ReBooting your application with Micronaut! 

Spring vs micronaut 

As developers we face constant change and evolution. Whenever we reach a certain level of awareness and confidence in particular technology, another solution appears on the horizon... It happened when we were learning java, life changed with spring and its vast array of libraries. In the meantime, the spring itself has undergone quite an evolution in the form of spring-boot.  

We notice a certain pattern - something new, different and promising is emerging, and with that novelties, there comes some uncertainty in ourselves. Can the transition to another framework be painless? 

I will try to answer this question and, through several simple examples, prove that change can be not only easy but also pleasant.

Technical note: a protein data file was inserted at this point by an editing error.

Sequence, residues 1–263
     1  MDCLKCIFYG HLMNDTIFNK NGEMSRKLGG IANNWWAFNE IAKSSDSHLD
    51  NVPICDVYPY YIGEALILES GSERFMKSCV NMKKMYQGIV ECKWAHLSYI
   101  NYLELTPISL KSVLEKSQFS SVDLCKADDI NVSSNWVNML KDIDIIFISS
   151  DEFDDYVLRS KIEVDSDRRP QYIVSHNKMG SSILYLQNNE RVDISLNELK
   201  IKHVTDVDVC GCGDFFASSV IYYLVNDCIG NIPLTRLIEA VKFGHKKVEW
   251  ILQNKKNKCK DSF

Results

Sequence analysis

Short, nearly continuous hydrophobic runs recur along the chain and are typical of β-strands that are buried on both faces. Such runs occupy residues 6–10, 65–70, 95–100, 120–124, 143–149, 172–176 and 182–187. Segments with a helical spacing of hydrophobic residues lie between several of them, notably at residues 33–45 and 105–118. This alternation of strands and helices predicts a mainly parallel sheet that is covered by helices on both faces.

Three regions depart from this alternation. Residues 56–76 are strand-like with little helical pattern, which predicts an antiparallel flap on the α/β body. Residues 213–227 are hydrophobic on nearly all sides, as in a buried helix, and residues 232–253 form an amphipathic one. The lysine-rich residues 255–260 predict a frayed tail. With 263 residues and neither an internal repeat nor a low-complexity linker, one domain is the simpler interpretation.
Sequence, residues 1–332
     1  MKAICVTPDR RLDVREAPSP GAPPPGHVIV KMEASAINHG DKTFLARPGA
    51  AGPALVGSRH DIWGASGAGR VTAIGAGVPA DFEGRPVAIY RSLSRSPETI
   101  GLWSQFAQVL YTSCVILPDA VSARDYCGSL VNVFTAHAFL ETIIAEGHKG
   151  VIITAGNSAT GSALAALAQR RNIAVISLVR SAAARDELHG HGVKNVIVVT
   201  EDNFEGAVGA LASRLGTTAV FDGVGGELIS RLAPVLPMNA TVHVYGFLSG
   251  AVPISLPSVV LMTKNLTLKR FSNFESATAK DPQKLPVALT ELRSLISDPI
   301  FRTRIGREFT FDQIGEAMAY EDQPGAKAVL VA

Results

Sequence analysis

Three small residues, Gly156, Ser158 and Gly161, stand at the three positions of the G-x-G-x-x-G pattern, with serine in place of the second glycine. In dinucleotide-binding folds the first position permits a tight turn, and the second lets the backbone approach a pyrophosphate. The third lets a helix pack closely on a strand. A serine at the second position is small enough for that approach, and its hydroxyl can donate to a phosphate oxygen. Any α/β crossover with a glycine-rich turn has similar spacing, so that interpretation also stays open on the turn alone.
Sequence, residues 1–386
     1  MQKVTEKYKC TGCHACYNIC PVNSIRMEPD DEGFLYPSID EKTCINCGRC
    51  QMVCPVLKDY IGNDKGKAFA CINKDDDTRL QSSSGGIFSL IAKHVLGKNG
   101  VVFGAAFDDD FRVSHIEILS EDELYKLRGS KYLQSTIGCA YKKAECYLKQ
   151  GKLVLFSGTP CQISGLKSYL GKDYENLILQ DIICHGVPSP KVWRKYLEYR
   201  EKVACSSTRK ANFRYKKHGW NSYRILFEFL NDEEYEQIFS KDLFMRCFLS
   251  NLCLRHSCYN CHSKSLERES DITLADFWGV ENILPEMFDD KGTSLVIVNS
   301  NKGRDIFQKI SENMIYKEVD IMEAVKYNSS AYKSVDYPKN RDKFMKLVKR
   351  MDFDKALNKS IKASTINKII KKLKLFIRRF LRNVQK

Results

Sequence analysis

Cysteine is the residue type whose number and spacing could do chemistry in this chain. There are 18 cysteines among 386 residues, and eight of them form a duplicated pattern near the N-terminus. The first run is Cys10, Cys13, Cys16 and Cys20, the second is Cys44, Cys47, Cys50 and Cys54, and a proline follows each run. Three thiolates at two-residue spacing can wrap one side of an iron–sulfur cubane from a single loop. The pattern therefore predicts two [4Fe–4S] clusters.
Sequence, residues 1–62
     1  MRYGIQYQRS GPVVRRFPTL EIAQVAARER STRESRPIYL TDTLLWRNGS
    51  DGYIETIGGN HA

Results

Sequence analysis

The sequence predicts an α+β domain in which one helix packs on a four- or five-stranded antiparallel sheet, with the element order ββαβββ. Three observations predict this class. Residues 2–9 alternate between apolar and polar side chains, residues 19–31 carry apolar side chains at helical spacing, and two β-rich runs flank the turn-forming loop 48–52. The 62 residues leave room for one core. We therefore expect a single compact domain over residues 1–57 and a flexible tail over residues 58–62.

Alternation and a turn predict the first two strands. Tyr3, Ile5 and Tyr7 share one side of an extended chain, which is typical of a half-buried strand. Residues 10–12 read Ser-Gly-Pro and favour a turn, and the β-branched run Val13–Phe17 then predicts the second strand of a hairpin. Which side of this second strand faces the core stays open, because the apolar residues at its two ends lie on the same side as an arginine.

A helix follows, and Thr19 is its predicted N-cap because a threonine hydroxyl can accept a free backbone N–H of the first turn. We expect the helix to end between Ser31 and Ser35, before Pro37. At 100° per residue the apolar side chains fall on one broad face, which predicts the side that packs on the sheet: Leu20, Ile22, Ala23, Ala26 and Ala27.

To begin with, I have to say that I have not encountered a problem for which spring did not have a proposal for a solution, so I rate spring's maturity highly - after all, it started over 20 years ago! 

So let's go back a few years. I was lucky enough to work on a project where a significant problem arose when using cloud architecture.  

But first things first... We had several nodes of an application based on the Spring Framework. 

The application was small and launched in only several seconds. One of the client's requirements was mechanisms for promotions initiated on a specific day, which resulted in great interest and consequently generated a lot of traffic on the website. We were prepared for this. Autoscaling was supposed to come into play when such a situation occurred. Unfortunately, even a relatively quick start could not cope with it, and autoscaling simply could not keep up with the supply of new instances in relation to those that stopped. 

Today, with a range of technologies such as spring-boot, micronaut, quarkus and the ability to generate native images, the above problem should be able to be effectively mitigated.